Seems the Houston Brothers are incapable of slacking as they continue to raise the bar with their new projects. Good Times at Davey Wayne’s shows that they can even turn your dad’s shagrug-irific man cave into one of the coolest spots in town, and Butchers & Barbers proves that, yes, they can do a restaurant amazingly, too. And just when you’re waiting for these guys to relax and maybe come up with only an OK spot for once, they build Break Room 86 in what is becoming the hippest hotel in L.A., The Line in Koreatown.
Break Room 86, which will open Tuesday, has all the best elements of a Houston Hospitality project: the “secret” entrance (this one is through a loading dock and behind a wall of…mumble-mumble), a stage for live performances (break dancers will make appearances), vintage details galore (check out the wall of cassette tapes and even a replica of the phone-booth time machine from Bill & Ted’s Excellent Adventure), and a flashback-themed cocktail program by beverage director Joseph Swifka.
Although the bar is in Koreatown, where brothers Mark and Jonnie Houston grew up, that’s not what defines it. “They like to downplay the whole K-town thing,” Swifka explains. “It’s part of their upbringing, but it’s not the focus here. This isn’t an homage to Koreatown by any means.” Instead, this is a karaoke bar with a 1980s New York underground punk/rock ‘n’ roll vibe. Old rock-concert posters paper the walls, a wall of flickering tube televisions plays scenes from ’80s videos and cartoons, and arched tiled ceilings are reminiscent of a NYC subway tunnel.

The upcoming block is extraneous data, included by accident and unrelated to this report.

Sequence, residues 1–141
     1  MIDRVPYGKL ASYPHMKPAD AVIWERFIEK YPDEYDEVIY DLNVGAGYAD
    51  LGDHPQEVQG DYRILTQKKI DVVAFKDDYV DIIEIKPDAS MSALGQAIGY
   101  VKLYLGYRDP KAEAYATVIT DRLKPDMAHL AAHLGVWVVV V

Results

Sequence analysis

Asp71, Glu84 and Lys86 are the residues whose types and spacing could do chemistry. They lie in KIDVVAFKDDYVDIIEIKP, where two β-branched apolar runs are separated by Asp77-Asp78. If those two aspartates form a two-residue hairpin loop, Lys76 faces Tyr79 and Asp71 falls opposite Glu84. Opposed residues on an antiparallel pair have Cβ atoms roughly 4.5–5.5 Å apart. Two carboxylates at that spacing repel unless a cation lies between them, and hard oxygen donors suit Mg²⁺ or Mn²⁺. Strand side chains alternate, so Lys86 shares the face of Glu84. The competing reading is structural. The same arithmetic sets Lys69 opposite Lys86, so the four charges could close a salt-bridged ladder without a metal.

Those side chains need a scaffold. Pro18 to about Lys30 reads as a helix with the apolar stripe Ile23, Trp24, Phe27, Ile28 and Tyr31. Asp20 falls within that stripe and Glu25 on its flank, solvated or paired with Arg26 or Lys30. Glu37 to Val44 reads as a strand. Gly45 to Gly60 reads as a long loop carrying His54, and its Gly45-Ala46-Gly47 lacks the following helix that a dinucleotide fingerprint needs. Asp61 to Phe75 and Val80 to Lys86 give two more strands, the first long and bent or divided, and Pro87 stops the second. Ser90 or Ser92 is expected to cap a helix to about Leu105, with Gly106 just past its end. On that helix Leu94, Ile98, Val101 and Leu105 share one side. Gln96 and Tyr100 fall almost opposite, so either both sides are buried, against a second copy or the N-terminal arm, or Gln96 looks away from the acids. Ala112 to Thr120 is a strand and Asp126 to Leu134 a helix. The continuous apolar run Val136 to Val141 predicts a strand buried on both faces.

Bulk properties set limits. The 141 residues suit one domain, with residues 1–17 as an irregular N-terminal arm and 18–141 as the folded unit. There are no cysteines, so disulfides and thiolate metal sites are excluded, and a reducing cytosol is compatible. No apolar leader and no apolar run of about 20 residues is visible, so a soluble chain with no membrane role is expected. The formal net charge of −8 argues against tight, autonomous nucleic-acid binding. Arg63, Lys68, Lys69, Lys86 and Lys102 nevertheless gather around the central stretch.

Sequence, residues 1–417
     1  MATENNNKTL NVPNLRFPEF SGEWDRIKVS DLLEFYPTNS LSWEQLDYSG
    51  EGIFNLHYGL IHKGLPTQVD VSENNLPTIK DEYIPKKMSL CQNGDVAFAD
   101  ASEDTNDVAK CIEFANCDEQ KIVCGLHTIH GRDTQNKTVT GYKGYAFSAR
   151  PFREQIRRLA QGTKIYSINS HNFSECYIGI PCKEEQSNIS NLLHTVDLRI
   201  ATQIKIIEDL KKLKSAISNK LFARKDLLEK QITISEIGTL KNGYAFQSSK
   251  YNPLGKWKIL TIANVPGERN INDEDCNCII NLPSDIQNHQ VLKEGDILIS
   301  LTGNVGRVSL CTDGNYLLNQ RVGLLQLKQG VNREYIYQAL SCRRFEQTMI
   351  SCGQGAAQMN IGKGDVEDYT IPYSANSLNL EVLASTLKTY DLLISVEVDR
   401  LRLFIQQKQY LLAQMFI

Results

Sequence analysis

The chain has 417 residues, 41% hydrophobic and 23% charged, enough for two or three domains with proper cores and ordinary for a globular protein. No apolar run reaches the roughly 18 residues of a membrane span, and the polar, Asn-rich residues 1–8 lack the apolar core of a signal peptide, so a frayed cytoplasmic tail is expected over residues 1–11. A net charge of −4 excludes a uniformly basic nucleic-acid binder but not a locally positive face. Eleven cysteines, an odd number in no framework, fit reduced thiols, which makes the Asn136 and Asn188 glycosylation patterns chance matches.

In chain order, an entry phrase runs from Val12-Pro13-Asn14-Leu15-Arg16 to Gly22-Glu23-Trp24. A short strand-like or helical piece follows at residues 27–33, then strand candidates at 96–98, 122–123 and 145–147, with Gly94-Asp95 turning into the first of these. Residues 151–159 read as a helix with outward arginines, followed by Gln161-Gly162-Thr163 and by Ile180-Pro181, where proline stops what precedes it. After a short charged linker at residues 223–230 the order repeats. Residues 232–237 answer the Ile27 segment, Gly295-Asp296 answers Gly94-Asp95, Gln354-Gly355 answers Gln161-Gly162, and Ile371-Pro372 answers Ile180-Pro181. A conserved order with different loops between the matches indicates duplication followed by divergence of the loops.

And it’s the most entertaining Houston Brothers bar yet, offering tons to do with its four karaoke rooms, a mini arcade of classic ’80s video games like Pac-Man, and even a smoking patio out back with talk of a mini boozy ice cream cart.
There are lots of details still getting ironed out, like whether that wall of old-school lockers will be used as liquor lockers for ballers to store their bottles of booze or how they’ll serve large-format cocktails since, as Swifka notes, “punch bowls are kind of boring these days.”
The cocktail program itself is good to go, though, with a short list of seven specialty cocktails ($14 each). You won’t find bad ’80s cocktails gone craft as seems to be the trend nowadays, however. “I was considering that,” says Swifka, “but Matt [Biancaniello] did a lot of those ’80s variations downstairs [at Pot Bar], so I wanted to sidestep that. He had a White Russian and a Long Island Iced Tea.”
Instead, the cocktails are inspired by Swifka’s childhood and feature those artificial fruit flavors one loved as a kid in the ’80s. “It’s basically broken down into colors of the rainbow, and basic fruit flavors are standard flavors that you’d see at the 7-Eleven slushie machine or candy aisle,” he says. “Like the grape drink, the cherry drink, the lime drink.”
The Purple Rain cocktail, named after Prince’s ’80s movie and best-selling album, uses a Concord grape juice reduction and “should taste like a really delicious grape soda for grownups.” The Dr. J is an ode to both the popular Orange Julius orange and vanilla fruit beverage and famous basketball player Julius “Dr. J” Erving. Those who used to chase after the ice cream truck will recognize the Rock-It Pop cocktail, which resembles that patriotic popsicle but is made with raspberry black tea syrup and blue curacao.
There are also boozy push-up pops and house-made wine coolers, the bar’s version of bottled cocktails where they flavor wine-based drinks with syrups and juices then carbonate and bottle them. Naturally, the three on offer are inspired by classic wine-cooler flavors. There’s sesame strawberry daiquiri, chili and green apple, and peach and honey Fuzzy Navel. Swifka says they’re still trying to figure out whether to offer these as six-packs for the karaoke rooms.
UPDATE: Break Room 86 officially opens Wednesday and its tentative hours are Tuesday through Saturday from 8 p.m. to 2 a.m.